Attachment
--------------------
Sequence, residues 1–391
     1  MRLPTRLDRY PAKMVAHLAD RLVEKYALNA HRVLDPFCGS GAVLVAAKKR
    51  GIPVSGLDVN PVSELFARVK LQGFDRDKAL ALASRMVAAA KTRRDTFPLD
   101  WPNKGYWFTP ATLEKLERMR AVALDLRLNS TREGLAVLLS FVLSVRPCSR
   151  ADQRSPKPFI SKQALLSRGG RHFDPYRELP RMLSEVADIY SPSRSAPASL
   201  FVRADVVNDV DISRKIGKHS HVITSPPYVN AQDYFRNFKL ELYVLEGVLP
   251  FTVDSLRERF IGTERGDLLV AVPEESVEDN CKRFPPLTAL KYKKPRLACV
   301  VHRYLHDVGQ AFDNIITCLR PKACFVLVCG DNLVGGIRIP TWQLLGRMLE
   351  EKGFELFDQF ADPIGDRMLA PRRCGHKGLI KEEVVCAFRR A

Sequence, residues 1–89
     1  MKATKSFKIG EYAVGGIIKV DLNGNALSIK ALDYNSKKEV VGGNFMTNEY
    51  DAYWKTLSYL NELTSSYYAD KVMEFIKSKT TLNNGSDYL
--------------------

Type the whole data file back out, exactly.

Sequence, residues 1–391
     1  MRLPTRLDRY PAKMVAHLAD RLVEKYALNA HRVLDPFCGS GAVLVAAKKR
    51  GIPVSGLDVN PVSELFARVK LQGFDRDKAL ALASRMVAAA KTRRDTFPLD
   101  WPNKGYWFTP ATLEKLERMR AVALDLRLNS TREGLAVLLS FVLSVRPCSR
   151  ADQRSPKPFI SKQALLSRGG RHFDPYRELP RMLSEVADIY SPSRSAPASL
   201  FVRADVVNDV DISRKIGKHS HVITSPPYVN AQDYFRNFKL ELYVLEGVLP
   251  FTVDSLRERF IGTERGDLLV AVPEESVEDN CKRFPPLTAL KYKKPRLACV
   301  VHRYLHDVGQ AFDNIITCLR PKACFVLVCG DNLVGGIRIP TWQLLGRMLE
   351  EKGFELFDQF ADPIGDRMLA PRRCGHKGLI KEEVVCAFRR A

Sequence, residues 1–89
     1  MKATKSFKIG EYAVGGIIKV DLNGNALSIK ALDYNSKKEV VGGNFMTNEY
    51  DAYWKTLSYL NELTSSYYAD KVMEFIKSKT TLNNGSDYL